MDCG encourages hybrid audits, other actions to improve notified body capacity

Regulatory NewsRegulatory News | 29 August 2022 |  By 

The European Commission’s Medical Device Coordination Group (MDCG) has listed a slew of actions to help streamline the work of notified bodies (NB), including encouraging notified bodies to conduct hybrid audits when doing so would speed conformity assessments. Stakeholders are anxious about the dearth of notified body capacity, which they fear could hold back products from the market.
 
On 26 August, the MDCG published a position paper after feedback from various stakeholders about their concerns with the lack of notified body capacity. The group published a 19-point position paper that it hopes will ease the situation.
 
“The MDCG recognizes that significant and urgent challenges remain in ensuring sufficient capacity of notified bodies and readiness of manufacturers in order to allow medical devices and in vitro diagnostic medical devices to be certified in accordance with the MDR and the IVDR within the transition periods provided for in the regulations,” said the group. “The data gathered to date indicate that there are multiple causes which require a mix of solutions.”
 
European Union health ministers raised the issue about the lack of NBs at the Employment, Social Policy, Health and Consumer Affairs (EPSCO) Council meeting on 14 June 2022. They expressed concern that the lack of capacity could lead to disruptions in the medical device supply chain and jeopardize market access to innovative new treatments and diagnostics in the region. The ministers asked MDCG to propose ideas on how to address the challenges.
 
The MDCG’s position paper is divided into three categories including what steps can be taken to increase the capacity of NBs, increase access to NBs and other steps that can be taken to transition to the EU’s Medical Device Regulation (MDR) and In-Vitro Diagnostics Regulation (IVDR).
 
To increase the capacity, the MDCG said NBs should make use of hybrid audits when conducting conformity assessments of sponsor products. The group said this should help streamline reviews but stay within regulations.
 
The MDCG also advised NBs to use past experiences from auditing products to avoid redoing much of the work.
 
“In order to avoid unnecessary duplication of work, the MDCG encourages notified bodies to develop a framework for leveraging evidence, or components thereof, from previous assessments conducted with regard to requirements under the directives for the purpose of conformity assessment procedures under the regulations, provided that duly qualified notified body personnel deem the previous assessments by the same or another notified body valid and properly substantiated also with regard to the MDR/IVDR requirements and the device under assessment,” the group wrote.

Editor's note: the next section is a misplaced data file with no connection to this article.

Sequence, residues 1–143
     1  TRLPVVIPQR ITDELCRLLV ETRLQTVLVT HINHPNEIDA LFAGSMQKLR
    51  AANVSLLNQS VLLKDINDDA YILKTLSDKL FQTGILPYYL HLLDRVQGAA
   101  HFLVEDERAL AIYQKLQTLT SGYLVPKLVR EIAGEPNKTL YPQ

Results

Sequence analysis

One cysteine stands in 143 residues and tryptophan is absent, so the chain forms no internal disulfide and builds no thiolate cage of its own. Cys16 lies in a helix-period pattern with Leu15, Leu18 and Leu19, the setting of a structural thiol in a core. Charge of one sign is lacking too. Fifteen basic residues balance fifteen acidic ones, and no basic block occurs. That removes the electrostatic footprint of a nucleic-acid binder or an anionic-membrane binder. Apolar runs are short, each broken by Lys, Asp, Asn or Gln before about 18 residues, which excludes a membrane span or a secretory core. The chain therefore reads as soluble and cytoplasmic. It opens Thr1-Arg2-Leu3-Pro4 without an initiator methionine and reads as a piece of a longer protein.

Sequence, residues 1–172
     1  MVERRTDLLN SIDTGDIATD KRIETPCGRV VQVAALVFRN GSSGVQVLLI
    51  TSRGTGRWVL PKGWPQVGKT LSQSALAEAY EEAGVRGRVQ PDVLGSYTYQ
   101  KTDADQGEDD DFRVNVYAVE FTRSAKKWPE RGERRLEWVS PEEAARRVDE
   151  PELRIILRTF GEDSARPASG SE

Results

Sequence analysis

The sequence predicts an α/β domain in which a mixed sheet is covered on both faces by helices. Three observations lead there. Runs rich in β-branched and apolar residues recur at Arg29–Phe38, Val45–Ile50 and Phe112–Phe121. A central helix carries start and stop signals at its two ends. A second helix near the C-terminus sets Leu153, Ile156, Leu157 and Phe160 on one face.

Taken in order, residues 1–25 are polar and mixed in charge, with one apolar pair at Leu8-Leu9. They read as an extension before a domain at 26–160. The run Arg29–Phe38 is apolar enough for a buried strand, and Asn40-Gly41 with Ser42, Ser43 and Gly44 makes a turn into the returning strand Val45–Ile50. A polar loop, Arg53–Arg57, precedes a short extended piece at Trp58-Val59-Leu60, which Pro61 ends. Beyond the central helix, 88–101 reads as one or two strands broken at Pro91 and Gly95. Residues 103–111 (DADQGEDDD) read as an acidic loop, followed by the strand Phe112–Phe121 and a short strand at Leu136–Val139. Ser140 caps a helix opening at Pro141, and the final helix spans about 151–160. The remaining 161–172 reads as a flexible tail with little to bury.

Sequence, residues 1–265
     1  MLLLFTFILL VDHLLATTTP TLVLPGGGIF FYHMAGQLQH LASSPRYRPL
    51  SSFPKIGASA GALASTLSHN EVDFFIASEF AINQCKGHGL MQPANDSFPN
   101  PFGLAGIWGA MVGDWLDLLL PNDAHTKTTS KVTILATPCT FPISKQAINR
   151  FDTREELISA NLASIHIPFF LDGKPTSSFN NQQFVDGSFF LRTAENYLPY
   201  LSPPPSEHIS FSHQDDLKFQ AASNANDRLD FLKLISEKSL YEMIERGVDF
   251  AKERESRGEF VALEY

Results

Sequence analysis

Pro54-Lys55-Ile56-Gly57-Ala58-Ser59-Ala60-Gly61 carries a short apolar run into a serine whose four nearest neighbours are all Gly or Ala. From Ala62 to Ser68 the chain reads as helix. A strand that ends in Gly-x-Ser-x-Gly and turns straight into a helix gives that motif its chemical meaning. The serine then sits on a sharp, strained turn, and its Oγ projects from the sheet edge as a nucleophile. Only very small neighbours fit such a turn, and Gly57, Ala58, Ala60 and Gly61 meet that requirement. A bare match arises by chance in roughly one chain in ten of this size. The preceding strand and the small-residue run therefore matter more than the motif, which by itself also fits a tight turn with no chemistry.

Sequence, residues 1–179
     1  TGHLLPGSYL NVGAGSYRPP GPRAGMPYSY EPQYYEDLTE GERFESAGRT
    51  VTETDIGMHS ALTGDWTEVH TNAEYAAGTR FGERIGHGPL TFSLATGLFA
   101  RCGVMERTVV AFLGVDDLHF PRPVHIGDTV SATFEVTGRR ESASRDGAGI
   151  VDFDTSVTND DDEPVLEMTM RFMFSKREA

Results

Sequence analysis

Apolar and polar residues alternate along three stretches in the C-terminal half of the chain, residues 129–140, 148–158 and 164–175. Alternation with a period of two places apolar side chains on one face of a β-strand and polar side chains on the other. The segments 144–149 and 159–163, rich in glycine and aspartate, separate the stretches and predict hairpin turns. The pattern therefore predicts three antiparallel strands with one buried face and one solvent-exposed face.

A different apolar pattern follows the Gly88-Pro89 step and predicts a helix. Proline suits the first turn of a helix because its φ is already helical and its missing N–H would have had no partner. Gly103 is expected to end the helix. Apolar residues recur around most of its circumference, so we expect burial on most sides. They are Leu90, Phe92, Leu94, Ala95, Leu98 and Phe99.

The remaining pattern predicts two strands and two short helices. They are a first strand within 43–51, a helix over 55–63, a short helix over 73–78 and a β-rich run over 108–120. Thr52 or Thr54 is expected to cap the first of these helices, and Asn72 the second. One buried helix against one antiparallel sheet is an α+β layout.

One of the biggest issues is how to ensure legacy devices can stay on the market once the regulations go into full effect.
 
The MDCG said there should be flexibility given to the review of legacy products as long as they are deemed relatively safe and effective. The group recommended stakeholders, including legacy device makers, follow the flexibility proposed in its previous guidance MDCG 2022-4 which includes combining audits under the directives and the regulations for ‘legacy devices’ whose application for MDR/IVDR certification is being reviewed by the notified body, focusing on assessment of compliance with MDR/IVDR requirements instead of surveillance of compliance with directives’ requirements, and abandoning sampling plans for technical documentation assessments under directives.
 
“The MDCG considers that, in particular for safe and effective legacy devices, including orphan devices, the complexity of conformity assessments should be reduced and more pragmatism ensured with regard to the demonstration of compliance with the applicable requirements,” the group added.
 
With that in mind, the MDCG said it will work to produce more guidances on legacy and orphan devices that will help reduce regulatory ambiguity and give device-makers more flexibility. While it plans to develop a better guidance defining orphan devices and helping them meet their legal requirements, the group also asked EU regulators to accept and efficiently process consultations by notified bodies.
 
Another key area of concern for stakeholders is how to help small and medium-sized enterprises (SME) that have less regulatory experience and higher administrative burdens when trying to get products to market.
 
The MDCG reminded NBs that they are required to make their standard fees public, especially with SMEs in mind, and encouraged them to format the fees in a way that makes them easy to compare.
 
“Moreover, the MDCG calls on notified bodies to develop schemes in order to allocate capacity for SME manufacturers and first-time applicants and ensure access of SMEs and first-time applicants to notified bodies for conformity assessment,” the group said. “In order to increase preparedness of manufacturers, especially SMEs and first-time applicants, to adapt to the high-level standards set up by the regulations, the MDCG calls on all parties involved to continue and, where possible, to step up communication with manufacturers by means of webinars, workshops, targeted feedback and informative sessions.”

 

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